Background: The high vascularity of hepatocellular carcinoma (HCC) seems to be a potential therapeutic target. We evaluated the efficacy, toxicity, and histologic response to thalidomide in advanced HCC in a single center phase I/II pilot trial.
Methods: Between September 2000 and August 2004 patients with HCC uneligible for any established therapy were enrolled in the study. The initial thalidomide dosage of 100 mg/day was escalated in 100 mg steps weekly up to 300 mg/day based on tolerability. Discontinuation and dose reduction were based on toxicity. Tumor biopsies were scheduled to assess tumor microvessel density and serum levels of angiogenic factors, vascular endothelial growth factor, basic fibroblast growth factor, and endostatin were determined.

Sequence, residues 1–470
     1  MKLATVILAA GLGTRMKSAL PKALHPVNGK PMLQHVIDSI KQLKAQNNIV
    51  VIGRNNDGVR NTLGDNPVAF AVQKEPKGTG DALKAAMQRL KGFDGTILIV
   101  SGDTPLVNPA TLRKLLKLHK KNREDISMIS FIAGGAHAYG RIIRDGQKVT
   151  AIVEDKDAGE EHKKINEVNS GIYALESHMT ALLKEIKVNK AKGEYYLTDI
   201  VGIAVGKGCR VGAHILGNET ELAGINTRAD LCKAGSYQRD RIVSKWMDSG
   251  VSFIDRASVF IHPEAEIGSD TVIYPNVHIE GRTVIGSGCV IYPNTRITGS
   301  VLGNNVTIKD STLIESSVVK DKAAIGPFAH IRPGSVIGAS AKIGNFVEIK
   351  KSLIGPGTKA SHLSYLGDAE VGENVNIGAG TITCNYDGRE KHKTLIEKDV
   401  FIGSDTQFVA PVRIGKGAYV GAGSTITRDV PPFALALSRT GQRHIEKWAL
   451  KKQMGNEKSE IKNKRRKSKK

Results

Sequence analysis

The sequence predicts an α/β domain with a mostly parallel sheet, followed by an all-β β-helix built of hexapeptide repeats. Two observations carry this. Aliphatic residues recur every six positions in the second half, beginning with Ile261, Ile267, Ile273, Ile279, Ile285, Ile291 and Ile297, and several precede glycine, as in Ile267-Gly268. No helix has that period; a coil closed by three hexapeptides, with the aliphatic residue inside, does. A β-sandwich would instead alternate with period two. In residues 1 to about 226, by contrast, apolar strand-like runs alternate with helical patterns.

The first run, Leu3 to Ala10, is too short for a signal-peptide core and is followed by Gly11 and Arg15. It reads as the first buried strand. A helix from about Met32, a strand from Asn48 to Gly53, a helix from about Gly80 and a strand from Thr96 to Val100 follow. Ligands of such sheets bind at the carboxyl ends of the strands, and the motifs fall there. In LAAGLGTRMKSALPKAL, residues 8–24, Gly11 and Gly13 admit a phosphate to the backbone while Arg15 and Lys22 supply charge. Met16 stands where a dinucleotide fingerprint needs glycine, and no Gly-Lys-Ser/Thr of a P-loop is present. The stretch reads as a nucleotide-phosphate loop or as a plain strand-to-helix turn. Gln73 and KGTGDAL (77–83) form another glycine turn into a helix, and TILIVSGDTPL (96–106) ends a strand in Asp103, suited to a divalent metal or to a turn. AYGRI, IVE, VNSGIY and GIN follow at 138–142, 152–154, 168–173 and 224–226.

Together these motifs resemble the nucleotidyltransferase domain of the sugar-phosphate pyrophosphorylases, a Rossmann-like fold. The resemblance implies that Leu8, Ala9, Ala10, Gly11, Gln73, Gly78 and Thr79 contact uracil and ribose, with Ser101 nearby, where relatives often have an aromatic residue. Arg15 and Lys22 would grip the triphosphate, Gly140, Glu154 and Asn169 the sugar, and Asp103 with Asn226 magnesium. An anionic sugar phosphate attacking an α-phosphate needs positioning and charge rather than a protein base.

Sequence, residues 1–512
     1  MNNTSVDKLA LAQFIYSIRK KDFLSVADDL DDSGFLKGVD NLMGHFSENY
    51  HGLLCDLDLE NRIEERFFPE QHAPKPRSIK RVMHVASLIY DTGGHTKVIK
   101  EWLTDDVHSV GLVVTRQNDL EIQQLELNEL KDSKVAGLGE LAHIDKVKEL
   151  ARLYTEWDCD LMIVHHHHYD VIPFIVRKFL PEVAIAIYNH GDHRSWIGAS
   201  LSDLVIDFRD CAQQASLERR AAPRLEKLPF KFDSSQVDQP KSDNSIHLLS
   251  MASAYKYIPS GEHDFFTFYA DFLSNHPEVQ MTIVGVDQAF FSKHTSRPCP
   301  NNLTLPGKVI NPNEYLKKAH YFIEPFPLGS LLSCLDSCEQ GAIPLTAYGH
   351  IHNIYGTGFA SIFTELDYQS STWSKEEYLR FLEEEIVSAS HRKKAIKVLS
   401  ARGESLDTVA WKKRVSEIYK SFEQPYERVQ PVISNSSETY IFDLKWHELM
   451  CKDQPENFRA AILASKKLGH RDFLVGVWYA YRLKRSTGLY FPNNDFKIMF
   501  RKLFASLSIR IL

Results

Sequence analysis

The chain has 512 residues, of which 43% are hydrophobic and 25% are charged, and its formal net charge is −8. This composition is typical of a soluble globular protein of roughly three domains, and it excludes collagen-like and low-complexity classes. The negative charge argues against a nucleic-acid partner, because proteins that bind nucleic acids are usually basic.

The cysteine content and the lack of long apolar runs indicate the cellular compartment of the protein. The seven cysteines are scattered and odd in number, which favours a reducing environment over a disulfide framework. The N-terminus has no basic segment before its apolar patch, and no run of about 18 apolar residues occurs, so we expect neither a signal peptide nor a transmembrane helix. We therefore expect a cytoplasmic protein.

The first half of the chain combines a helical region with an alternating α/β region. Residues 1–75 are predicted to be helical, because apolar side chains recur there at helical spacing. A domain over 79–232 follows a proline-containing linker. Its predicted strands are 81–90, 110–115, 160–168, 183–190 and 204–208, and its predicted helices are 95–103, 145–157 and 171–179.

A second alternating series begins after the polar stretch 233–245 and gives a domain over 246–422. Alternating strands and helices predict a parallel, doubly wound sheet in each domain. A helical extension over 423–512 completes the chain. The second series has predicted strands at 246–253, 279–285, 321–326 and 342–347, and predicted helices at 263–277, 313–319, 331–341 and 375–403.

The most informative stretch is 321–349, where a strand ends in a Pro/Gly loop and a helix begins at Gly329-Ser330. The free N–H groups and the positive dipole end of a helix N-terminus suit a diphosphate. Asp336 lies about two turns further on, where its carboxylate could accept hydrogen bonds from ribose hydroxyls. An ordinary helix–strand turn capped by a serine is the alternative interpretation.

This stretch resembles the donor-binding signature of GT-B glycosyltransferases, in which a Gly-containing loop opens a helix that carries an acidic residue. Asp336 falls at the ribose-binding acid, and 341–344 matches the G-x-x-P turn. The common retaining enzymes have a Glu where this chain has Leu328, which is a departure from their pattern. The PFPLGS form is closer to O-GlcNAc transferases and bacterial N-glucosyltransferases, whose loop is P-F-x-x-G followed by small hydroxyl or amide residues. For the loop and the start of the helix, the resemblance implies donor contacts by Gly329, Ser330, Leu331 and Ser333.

Results: Twenty-eight patients with histologically proven HCC were entered into this study. The median maximum-tolerated dose of thalidomide was 300 mg/day. Most common toxicities were fatigue (75%), dizziness (64%), nausea (43%), and constipation (39%). Two patients had stable disease for 2.6 and 5.4 months, the remaining 26 patients had disease progression. The median overall survival was 5.1 months. Well preserved liver function was associated with longer overall survival on univariate analysis (P=0.0279). The serum concentrations of vascular endothelial growth factor and endostatin increased significantly (P=0.039 and P=0.024, respectively) after 3 months of thalidomide treatment. No clear differences were observed between the serum basic fibroblast growth factor concentrations at study entry and after 3 months (P=0.983). Microvessel density did not decrease significantly during thalidomide therapy (P=0.109).
Conclusion: Thalidomide is moderately tolerated and minimally effective in large HCC.